By Chris Cluff
As Seattle Seahawks cornerback Marcus Trufant comes off perhaps his best game of the season, it will be interesting to see how the Seahawks fit CB Walter Thurmond into the secondary.
The Seahawks released little-used wide receiver Charly Martin on Tuesday, seemingly making room for Thurmond to come off the Physically Unable to Perform list, where he has been all season as he comes back from a broken leg. They have to activate him by no later than next Monday or else put him on season-ending injured reserve.
Trufant is coming off a game in which he forced and recovered a fumble that helped Seattle score its first touchdown against the Minnesota Vikings. If Thurmond is activated, the Hawks will have 11 defensive backs again. They had that many before last week, when they let Danny Gorrer go.
The Seahawks have started to use more of the Bandit package they had utilized so much in Pete Carroll’s first two years, so Carroll and defensive coordinator Gus Bradley likely will find ways to fit Thurmond in. They have been using Jeron Johnson as the main dime back and have used him as the Bandit, too. Thurmond could step into his role.
WIDEOUTS AND INS
The Hawks dropped to five receivers with the release of Martin. He had not played much anyway, and Carroll told reporters this week that Braylon Edwards will return from the knee problem that sidelined him the past two games.
Offensive coordinator Darrell Bevell called one of his better games of the season Sunday, making sure to get the ball to Sidney Rice and Golden Tate in various ways. Russell Wilson found them for three touchdowns, and it is clear the Hawks intend to get both involved as much as they can.
With Ben Obomanu on IR and Martin gone, the Hawks are certainly thinner at the position, with Rice, Tate, Doug Baldwin, Edwards and Jermaine Kearse.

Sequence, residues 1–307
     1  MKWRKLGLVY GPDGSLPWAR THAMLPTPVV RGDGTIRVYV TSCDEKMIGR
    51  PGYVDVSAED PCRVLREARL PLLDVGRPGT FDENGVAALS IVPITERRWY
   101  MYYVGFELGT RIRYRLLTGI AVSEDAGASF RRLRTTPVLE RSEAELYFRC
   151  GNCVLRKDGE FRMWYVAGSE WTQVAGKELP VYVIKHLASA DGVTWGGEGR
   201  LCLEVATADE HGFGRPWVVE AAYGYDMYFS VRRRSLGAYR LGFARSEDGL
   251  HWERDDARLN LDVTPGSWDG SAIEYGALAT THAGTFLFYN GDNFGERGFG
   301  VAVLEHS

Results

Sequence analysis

Carroll told reporters that linebacker K.J. Wright and left guard James Carpenter are undergoing tests for concussions. Carpenter was a surprise scratch Sunday and Wright apparently was hurt on the first play against the Vikings.
“We’ve got to give them a couple days here to figure it out,” Carroll told reporters, per The News Tribune. “The process is already under way — the testing and the stuff that’s going on. And we’ll know more by Wednesday.”
The Seahawks didn’t seem to miss Carpenter. John Moffitt returned from a four-week absence and played every snap at left guard in Carpenter’s place as the Hawks ran for a season-high 195 yards on 45 carries.
After five weeks of using the same lineup — Russell Okung, Carpenter, Max Unger, Paul McQuistan, Breno Giacomini — the Hawks put out their fifth different combination of the season. Also, Unger was lost for a couple of series with dislocated fingers, and Lemuel Jeanpierre came in and played well, too.
It was an excellent performance up front.
WILL WRIGHT END THE STREAK?
The defense has started all 11 first-team players in every game this season, despite a couple of iffy injury situations, so the question is: Will Wright become the first starter to miss a game? After leaving the Vikings game with an injury, his absence probably was part of the reason Adrian Peterson ran all over the Hawks’ defense. His replacement Mike Morgan was out of position and in chase mode more than once.
Wright has not been the major playmaker he seemed on the verge of becoming in the preseason, but he still leads the team in tackles despite missing almost all of the Minnesota game. His 65 stops are one more than Kam Chancellor, who continues to play almost every snap in almost every game. Chancellor reportedly suffered a bruised thigh, but since he played every snap against the Vikings and should be good to go next Sunday against the Jets.
But will Wright be?
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Chris Cluff worked as a sports editor and writer for The Seattle Times for 11 years and has written two books on the Seattle Seahawks. Since leaving the Times, he has written about the Seahawks and Seattle sports for Bleacher Report and the blog he shares with a fellow sportswriter, outsidethepressbox.com. His work can be found on Examiner.com.